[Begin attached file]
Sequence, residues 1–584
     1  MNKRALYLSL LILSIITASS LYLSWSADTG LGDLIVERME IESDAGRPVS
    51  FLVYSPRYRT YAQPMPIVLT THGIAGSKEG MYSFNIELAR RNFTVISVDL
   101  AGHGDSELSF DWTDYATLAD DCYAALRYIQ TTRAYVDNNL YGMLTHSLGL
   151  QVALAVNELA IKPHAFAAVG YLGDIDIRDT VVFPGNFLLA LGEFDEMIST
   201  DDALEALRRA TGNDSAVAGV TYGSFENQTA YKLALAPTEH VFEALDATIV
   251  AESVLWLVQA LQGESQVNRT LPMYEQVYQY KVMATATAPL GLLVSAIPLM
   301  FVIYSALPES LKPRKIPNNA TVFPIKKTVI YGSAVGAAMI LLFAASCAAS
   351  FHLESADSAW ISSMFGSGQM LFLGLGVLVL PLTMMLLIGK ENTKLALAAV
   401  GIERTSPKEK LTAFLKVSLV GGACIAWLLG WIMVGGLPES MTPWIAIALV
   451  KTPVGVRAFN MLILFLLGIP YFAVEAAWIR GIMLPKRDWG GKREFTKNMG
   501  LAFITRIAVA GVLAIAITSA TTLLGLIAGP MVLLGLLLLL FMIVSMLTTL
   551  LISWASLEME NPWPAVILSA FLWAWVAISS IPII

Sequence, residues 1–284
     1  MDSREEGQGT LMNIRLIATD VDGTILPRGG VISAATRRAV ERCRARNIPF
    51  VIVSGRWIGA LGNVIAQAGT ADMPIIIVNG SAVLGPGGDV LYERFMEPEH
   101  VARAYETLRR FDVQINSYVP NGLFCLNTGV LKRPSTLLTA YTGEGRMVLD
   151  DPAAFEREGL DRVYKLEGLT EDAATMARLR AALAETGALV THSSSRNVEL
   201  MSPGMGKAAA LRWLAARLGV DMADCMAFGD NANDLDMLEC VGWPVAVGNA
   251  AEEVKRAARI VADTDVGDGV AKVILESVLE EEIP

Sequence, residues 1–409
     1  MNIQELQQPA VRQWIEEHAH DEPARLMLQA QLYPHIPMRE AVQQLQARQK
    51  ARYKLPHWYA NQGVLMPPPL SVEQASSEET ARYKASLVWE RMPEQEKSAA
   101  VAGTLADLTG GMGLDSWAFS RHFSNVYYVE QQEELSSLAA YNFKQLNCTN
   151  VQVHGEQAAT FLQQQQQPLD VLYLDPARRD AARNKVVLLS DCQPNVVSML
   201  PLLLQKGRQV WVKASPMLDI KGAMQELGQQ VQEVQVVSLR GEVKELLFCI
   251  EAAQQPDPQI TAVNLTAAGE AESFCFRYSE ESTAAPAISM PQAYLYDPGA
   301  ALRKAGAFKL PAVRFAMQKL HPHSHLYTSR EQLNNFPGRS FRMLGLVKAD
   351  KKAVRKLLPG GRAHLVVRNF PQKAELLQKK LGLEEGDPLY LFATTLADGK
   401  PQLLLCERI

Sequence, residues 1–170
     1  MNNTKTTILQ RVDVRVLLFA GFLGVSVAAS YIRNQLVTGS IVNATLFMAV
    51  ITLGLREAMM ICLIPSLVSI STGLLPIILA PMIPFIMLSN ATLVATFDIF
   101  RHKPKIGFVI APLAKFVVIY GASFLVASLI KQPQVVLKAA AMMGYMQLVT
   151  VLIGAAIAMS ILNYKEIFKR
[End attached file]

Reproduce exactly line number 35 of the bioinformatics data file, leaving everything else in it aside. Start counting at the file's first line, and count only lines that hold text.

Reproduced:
   151  VLIGAAIAMS ILNYKEIFKR